During his first month in office as prime minister of a coalition government, Naftali Bennett has in speech after speech poured contempt on Binyamin Netanyahu\s record. His predecessor’s 12 years in office added up to a big nothing, Bennett shouts, especially when it came to such burning issues as curtailing Iran’s drive for a nuclear bomb and curbing the covid pandemic.
In 2012, Netanyahu was admittedly forced to waive a direct attack on Iran’s nuclear facilities by a large band of Israeli intelligence leaders and top military brass backed by Washington. They argued that the task was too big for a lone Israeli operation and the backlash from Iran would be deadly. Bennett’s outpourings, however, cannot erase the former prime minister’s long and effective campaign of mostly clandestine operations for putting spokes in Iran’s nuclear wheels. The audacious theft of Iran’s nuclear archive from the heart of Tehran, the never-admitted assassination of the father of Iran’s nuclear program, Mohsen Fakhnizadeh, or the sabotage of Iran’s main enrichment center at Natanz – to mention just a few.
Nonetheless, the new prime minister on Wednesday, July 14, accused Netanyahu of “long neglect of the Iranian issue on a scale never seen before.” He spoke of “a yawning gap between Netanyahu’s grandiloquent rhetoric and the actions he should have taken, but never did.”
Aside from casting aspersions on the national security and intelligence agencies’ signal, unheralded efforts, Bennett’s repeated belittlement of Netanyahu’s record is seen increasingly in political circles as denoting unease and, most of all, the awareness that his shoulders are too narrow to bear the weight carried by his predecessor, the current leader of the opposition. They comment that he has a long way to go before filling the shoes of a national leader.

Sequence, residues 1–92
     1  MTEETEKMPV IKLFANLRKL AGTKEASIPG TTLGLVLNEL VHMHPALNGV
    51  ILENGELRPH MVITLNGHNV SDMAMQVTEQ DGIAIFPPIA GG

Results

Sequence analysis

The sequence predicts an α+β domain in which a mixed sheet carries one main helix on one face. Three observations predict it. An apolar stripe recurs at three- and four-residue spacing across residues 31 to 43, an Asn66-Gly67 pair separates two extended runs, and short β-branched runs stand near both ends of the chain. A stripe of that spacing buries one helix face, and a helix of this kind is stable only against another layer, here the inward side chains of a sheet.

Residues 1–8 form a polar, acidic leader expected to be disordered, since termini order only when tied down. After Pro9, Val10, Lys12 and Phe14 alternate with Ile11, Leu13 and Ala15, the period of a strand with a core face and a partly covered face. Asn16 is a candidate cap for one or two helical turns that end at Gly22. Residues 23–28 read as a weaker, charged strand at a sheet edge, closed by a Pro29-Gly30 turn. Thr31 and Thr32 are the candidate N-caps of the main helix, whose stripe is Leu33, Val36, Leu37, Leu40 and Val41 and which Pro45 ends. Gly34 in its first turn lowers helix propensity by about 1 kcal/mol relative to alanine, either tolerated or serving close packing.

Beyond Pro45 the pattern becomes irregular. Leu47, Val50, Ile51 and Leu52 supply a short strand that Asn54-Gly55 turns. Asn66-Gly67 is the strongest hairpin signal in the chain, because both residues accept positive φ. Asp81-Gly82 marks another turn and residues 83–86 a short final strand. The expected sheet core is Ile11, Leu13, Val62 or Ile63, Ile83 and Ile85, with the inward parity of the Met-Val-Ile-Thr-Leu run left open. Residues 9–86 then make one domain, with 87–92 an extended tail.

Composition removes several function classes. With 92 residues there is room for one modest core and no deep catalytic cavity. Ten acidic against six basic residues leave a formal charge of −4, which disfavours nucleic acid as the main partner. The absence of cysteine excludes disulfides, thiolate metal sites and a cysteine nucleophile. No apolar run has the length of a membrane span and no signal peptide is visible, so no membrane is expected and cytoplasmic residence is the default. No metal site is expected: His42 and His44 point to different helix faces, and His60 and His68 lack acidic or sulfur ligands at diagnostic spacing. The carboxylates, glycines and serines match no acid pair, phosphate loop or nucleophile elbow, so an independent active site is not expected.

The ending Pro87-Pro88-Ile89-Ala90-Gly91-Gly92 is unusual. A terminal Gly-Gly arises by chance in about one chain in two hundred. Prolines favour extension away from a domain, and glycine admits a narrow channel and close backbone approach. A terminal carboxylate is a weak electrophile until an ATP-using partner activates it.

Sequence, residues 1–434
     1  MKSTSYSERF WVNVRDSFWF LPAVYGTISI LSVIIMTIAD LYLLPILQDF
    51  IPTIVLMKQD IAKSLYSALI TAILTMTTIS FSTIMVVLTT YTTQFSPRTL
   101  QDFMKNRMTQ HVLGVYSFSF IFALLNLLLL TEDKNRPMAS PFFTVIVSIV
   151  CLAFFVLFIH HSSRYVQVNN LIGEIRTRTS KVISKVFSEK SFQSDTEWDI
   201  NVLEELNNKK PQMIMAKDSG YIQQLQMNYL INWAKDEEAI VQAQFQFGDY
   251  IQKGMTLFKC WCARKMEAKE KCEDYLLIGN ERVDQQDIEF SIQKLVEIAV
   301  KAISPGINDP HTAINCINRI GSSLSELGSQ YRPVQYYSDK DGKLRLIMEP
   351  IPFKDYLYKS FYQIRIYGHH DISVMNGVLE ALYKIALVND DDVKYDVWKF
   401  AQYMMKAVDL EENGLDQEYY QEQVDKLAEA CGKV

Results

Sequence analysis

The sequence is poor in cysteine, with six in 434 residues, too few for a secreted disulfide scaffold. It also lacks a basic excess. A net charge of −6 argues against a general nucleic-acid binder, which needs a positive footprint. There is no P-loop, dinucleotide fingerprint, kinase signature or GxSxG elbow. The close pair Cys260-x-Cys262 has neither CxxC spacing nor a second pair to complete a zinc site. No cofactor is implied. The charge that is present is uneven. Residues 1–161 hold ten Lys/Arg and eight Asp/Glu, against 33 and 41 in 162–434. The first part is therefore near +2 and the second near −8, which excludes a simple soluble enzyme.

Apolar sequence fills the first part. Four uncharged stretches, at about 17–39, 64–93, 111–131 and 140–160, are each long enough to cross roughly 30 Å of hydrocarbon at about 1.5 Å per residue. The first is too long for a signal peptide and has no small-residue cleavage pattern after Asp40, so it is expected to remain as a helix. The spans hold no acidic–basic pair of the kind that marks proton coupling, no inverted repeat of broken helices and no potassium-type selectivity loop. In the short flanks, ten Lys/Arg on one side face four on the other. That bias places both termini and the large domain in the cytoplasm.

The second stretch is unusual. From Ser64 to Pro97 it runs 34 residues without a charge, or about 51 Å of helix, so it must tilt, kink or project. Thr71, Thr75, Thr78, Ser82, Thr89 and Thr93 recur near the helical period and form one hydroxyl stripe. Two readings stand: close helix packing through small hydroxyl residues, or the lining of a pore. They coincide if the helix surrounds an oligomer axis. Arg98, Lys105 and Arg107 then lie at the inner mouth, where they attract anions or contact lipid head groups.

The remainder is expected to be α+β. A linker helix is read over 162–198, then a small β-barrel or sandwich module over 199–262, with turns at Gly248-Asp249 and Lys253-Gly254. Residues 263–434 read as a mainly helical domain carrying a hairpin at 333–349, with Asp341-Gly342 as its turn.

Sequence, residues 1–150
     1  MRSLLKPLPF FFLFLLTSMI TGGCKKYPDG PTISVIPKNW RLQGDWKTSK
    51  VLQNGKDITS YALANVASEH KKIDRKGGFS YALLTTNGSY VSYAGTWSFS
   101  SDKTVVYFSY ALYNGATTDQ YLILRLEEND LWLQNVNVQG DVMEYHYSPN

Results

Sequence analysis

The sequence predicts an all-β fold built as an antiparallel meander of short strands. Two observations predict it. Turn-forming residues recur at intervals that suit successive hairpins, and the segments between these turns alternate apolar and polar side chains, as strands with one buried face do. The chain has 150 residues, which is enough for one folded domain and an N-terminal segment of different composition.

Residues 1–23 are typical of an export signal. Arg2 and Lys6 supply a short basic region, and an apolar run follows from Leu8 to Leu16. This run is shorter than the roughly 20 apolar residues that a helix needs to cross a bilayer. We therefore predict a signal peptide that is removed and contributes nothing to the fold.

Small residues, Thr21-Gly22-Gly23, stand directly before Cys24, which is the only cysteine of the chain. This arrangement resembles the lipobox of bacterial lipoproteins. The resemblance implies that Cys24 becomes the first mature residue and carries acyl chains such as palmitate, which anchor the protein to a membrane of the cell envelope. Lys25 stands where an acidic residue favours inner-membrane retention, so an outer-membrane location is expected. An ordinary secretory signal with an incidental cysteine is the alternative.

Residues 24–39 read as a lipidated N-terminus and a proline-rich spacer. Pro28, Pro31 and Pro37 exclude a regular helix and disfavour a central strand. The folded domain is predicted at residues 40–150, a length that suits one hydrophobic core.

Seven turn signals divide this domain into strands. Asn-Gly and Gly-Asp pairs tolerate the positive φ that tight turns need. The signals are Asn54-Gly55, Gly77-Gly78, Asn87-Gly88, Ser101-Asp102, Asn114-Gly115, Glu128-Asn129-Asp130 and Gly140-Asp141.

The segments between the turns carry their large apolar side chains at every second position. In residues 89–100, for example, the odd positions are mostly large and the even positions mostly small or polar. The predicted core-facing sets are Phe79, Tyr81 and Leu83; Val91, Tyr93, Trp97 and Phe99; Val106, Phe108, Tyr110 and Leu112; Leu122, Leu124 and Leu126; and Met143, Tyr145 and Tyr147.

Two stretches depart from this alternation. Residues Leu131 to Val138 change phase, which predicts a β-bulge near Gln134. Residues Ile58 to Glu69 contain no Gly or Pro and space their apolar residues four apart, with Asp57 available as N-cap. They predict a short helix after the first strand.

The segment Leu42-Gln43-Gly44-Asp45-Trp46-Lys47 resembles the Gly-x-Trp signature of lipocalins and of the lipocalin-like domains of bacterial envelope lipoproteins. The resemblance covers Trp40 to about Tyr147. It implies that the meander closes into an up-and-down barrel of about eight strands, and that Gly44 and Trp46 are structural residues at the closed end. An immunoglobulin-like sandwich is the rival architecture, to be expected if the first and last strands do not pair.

On that same Wednesday, Tehran showed marked signs of foot-dragging on the negotiations sought by the Biden administration for restoring the 2015 nuclear accord. Iranian sources spoke of a delayed timeline to late September or early October, by which time the hardline Ibrahim Raisi takes office as president. He will then dictate a tough line in the bargaining and most likely replace the negotiating team to represent it. Rather than give ground for a deal, Raisi is expected to insist on the lifting of sanctions first while making sure that advanced centrifuges carry on enriching uranium at high speed.
Israel’s new prime minister therefore has less than three months to get his act together, stop griping about what should have been done before and set out a feasible program of his own for scotching Iran’s nuclear plans.